Clean Ganga mission to get a boost in Uttar Pradesh with organic farming by river banks

Clean Ganga mission to get a boost in Uttar Pradesh with organic farming by river banks

Under the Namami Gange Yojna, authorities are promoting organic farming on the river banks in 27 UP districts

Moving ahead with the clean Ganga mission, the Uttar Pradesh government is now promoting organic farming and afforestation along the river banks. Under the ambit of the Namami Gange Yojna, the authorities are now encouraging organic farming on the river banks in 27 UP districts including Kanpur, Kasganj, Aligarh, Meerut.

Afforestation drive to map out across 27 UP districts

With an afforestation target of 6759 hectares along the banks of Ganga, the administration aims to spread over 503 places in 27 UP districts, in the next six months. These farms will be set up within a radius of 10 kilometres on both the banks in districts where Ganga passes through.

Ganga flows through 27 districts in Uttar Pradesh including Bijnor, Badaun, Amroha, Meerut, Bulandshahr, Aligarh, Farrukhabad, Kannauj, Kanpur city, Kanpur Dehat, Fatehpur, Prayagraj, Mirzapur and Ghazipur, among others. While the larger part of the Gangetic Plain in India falls in UP, it is also credited to have the maximum area of organic farming across the state.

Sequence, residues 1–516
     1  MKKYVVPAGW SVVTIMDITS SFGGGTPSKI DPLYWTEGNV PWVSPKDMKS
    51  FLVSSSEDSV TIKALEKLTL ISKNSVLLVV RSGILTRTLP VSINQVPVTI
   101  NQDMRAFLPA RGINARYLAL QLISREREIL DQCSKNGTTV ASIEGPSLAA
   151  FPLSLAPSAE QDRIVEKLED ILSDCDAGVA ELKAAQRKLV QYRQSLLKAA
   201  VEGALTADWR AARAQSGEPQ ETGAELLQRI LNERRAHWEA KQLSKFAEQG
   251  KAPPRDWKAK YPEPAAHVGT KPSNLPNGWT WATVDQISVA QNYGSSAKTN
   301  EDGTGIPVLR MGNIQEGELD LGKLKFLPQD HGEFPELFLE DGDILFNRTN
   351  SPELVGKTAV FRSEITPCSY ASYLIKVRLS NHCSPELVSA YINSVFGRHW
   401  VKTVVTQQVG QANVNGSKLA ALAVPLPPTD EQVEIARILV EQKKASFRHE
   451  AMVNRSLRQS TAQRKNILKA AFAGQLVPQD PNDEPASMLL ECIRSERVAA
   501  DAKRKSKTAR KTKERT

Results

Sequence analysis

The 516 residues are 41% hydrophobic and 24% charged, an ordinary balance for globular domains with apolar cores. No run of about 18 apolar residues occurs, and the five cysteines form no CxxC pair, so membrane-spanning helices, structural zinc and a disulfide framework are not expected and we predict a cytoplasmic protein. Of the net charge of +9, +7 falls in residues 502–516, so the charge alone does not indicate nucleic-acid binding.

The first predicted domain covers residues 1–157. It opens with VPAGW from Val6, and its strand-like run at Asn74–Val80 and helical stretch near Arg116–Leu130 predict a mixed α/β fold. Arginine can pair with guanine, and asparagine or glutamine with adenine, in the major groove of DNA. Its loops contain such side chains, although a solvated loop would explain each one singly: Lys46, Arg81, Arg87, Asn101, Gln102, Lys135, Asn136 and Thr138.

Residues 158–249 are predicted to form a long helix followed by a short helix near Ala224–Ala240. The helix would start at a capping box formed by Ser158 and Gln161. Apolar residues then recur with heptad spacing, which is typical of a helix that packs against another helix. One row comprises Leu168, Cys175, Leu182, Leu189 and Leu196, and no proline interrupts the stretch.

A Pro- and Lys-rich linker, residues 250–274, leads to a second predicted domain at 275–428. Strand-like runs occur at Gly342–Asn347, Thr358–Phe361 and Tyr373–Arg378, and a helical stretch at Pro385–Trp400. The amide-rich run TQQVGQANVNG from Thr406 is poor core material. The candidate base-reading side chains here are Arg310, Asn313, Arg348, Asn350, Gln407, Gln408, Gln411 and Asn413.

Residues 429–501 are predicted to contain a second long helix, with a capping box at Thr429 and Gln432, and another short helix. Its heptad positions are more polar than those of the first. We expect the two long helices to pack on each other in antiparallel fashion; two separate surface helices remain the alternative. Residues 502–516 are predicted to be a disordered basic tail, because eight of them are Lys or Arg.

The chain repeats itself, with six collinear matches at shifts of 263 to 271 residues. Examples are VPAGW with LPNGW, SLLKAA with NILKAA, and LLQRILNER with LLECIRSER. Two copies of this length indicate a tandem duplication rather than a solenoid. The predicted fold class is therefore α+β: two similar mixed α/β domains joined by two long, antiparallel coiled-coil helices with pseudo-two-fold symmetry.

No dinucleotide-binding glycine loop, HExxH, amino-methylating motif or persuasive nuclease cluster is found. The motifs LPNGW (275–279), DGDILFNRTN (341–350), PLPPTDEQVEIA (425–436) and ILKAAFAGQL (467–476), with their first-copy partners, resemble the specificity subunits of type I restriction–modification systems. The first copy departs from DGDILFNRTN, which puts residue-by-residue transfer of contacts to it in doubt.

Reviving Ganga! 

This initiative is not only aimed at infusing fresh life into the holy river but to cancel the pollution caused by chemical fertilisers and toxic pesticides and ensure its uninterrupted flow as well. In addition to this, this move will also aid in increasing the forest cover in the state, which in turn, will improve the climate of the area.

Moreover, plantations near the river banks will also reduce soil erosion thereby mitigating the risk and severity of floods in the area. A dedicated plantation drive has already been launched in Kasganj and some other areas for the same.

What is organic farming?

An alternative agricultural system, organic farming uses ecologically-based pest controls along with biological fertilisers that are largely derived from animal and plant wastes and nitrogen-fixing cover crops.

Instead of using chemical fertilisers and toxic pesticides, organic products are used to increase the yield and protect the soil. Since this area is flood-prone, the soil of Gangetic Plain changes every year which makes it a good choice for organic farming.

Meanwhile, the authorities are also mulling over an intensive afforestation drive along the tributaries of Ganga as well. As a part of this project, the administration aims to plant saplings of medicinal, rare and traditional plants along the banks of river Ganga and its tributaries.

-with inputs from IANS.

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